7. Supports private prisons. Johnson touts the discredited notion that private prisons are more cost-effective than public facilities while adhering to state and federal standards. When Johnson came into office in New Mexico, the state was housing some 700 prisoners outside its borders because the Department of Justice had found New Mexico’s facilities to be inadequate for the number of prisoners held by the state. Johnson brought in private contractors to build two new prisons. But in April 1999, one of the prisons run by Wackenhut Corrections Corporation erupted into violence when prison administrators refused to provide Native American prisoners the firewood needed to practice their spiritual traditions, as mandated by law. That same month, Johnson vetoed a bill that would have provided enhanced oversight of New Mexico’s privately run prisons.

8. Gave a sole-bidder contract to Koch Industries. In 1998, Gov. Johnson announced that Koch Materials, Inc., a wholly owned subsidiary of Koch Industries, was contracted by the state for a $323 million highway project that involved the widening of N.M. Highway 44 to four lanes. A loophole in the controversial $62 million (on top of the construction costs) warranty provision of the contract, as well as the relegation of payment to federal highway funds (after Johnson vetoed the use of a gas tax for such projects) ultimately cost the taxpayers of New Mexico some $20 million a year in federal highway funds over the course of the next five gubernatorial administrations. After winning the contract, Koch Industries donated the maximum allowable $5,000 to Johnson’s re-election campaign.

9. May have Koch backing for 2016 effort. The Daily Caller, a right-wing website,breathlessly reported in May an anonymous Johnson campaign staffer’s assertion that David Koch had pledged “tens of millions of dollars” to bankroll Johnson’s 2016 campaign. (David Koch was the Libertarian Party’s 1980 vice-presidential nominee.) According to reporter Drew Johnson, “[a] Koch spokesman declined to comment on record.” But after his article was published at the Daily Caller, Drew Johnson wrote, the unnamed spokesman said Koch had not pledged his support to any presidential candidate. So, who knows? You don’t have to pledge your support in order to pass money to a PAC.

0. Uses dirty tricksters. In his 2012 presidential campaign on the Libertarian Party ticket, the Johnson campaign employed several unsavory operatives, as documented by independent reporter Mark Ames. They included Maureen Otis, a right-wing vote-caging specialist affiliated with the anti-immigrant Minutemen Civil Defense Force militia group; Jim Lacy, also involved with the Minutemen; and birther propagandist Floyd Brown, who also created the infamous racist Willie Horton ad that many credit with having won George H.W. Bush the presidency. Then there’s Roger Stone, now an adviser to the Trump campaign.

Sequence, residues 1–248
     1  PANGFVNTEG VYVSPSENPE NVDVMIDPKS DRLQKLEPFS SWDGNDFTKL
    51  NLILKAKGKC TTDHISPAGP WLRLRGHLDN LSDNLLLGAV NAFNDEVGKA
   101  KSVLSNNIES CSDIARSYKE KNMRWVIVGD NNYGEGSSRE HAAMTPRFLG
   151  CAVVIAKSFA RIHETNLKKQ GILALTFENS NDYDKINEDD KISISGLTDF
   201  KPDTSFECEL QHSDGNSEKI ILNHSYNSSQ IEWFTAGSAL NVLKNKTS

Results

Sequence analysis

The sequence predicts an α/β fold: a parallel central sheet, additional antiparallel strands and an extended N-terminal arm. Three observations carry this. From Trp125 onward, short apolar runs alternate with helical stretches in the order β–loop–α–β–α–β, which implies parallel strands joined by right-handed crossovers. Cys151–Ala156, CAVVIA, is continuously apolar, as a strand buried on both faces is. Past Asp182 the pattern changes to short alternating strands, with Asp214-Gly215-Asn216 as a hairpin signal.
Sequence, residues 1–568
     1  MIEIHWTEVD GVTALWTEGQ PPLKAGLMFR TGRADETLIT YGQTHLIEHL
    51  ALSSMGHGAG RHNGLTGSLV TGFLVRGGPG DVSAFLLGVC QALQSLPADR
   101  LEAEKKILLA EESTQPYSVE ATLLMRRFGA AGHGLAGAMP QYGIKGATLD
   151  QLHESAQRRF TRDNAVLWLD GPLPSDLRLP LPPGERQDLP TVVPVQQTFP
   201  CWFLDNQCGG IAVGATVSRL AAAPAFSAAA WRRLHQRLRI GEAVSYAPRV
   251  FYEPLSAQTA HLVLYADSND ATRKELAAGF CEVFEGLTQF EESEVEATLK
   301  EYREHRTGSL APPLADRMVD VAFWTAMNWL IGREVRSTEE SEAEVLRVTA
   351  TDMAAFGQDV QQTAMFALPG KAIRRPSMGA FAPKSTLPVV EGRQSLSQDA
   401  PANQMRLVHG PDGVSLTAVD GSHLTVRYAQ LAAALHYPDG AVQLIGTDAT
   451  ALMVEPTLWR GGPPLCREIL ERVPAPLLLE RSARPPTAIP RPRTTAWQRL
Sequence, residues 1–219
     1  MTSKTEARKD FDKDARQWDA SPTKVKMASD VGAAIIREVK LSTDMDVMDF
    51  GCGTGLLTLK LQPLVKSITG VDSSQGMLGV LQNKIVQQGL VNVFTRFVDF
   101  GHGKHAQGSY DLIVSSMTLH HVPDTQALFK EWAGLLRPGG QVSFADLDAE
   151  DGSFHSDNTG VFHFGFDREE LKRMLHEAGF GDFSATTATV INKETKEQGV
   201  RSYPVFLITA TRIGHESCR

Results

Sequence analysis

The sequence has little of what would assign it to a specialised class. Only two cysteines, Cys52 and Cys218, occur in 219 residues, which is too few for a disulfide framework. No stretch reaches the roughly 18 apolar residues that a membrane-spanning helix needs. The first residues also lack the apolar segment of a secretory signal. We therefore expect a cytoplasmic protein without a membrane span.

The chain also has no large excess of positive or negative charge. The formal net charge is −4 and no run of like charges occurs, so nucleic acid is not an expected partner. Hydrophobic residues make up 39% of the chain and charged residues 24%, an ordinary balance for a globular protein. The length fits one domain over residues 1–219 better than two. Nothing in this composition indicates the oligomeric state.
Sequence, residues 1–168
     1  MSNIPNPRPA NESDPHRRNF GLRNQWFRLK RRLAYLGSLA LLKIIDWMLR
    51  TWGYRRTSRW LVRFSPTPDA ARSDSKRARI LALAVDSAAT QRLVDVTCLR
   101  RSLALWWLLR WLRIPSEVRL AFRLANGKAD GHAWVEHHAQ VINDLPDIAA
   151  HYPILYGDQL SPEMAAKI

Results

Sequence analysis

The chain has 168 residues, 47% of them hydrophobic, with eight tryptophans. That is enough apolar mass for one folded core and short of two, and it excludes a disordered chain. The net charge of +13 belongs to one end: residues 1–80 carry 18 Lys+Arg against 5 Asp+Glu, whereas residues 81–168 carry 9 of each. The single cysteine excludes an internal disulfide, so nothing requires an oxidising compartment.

11. Accepted $1 million in PAC money from anti-education right-wing donor.Since September 8, an entity called Purple PAC has purchased $550,000 in airtime and online advertising on behalf of Johnson. Founded by former Cato Institute president Ed Crane, Purple PAC has few donors, and is primarily bankrolled by Jeffrey Yass, an options trader whose pet cause is the privatization of public education. In the 2016 election cycle, Yass, who has donated $1 million to Purple PAC, sits on the Cato board with David Koch. Yass is also known for his work with Students First PAC, a group formed by the right-wing Betsy DeVos, a member of the Koch network and the religious right. The PAC shared its name with the Students First initiative of Michelle Rhee, the former chancellor of the Washington, D.C. public schools who is a star proponent of education privatization.

12. Top corporate contributor slapped with $1.5 million pollution fine. The top corporate contributor to the Johnson campaign (as opposed to PACs) is Morning Star Packing Company, an agribusiness tomato grower and processor of tomato products. Morning Star is also the top donor to AlternativePAC, which is behind a purported “matching service” between liberal and conservative voters inclined toward Johnson in order to falsely assure such voters they won’t be skewing the election toward either Clinton or Trump should they cast a vote for Johnson. In March, the Central Valley Regional Water Quality Control Board in California slapped the company with a $1.5 million fine for illegally enlarging wastewater ponds, polluting groundwater with excess salts, nitrates and organic waste.

 

Published by permission of AlterNet.

The Normalization Of Evil In American Politics

Published with permission from AlterNet

The racist, misogynist, authoritarian strain has always been there, but Trump’s candidacy has brought it into the mainstream. And media have helped.

Time was when a presidential candidate who played footsie with segregationists and white supremacists would have banished to the fringes of the American political scene. But Republican presidential nominee Donald J. Trump has changed all that.

Oh sure, there have been plenty of codes telegraphed to the anti-black base of the GOP’s southern flank: Ronald Reagan’s choice of Philadelphia, Mississippi, as the place to make a “states’ rights” speech in his 1980 presidential campaign; Richard Nixon’s southern strategy and “Silent Majority” framing. But after the passage of the 1964 Civil Rights Act, expressions of outright racism were frowned upon in presidential politics. And articulations of misogyny were generally doled out in the form of withering condescension.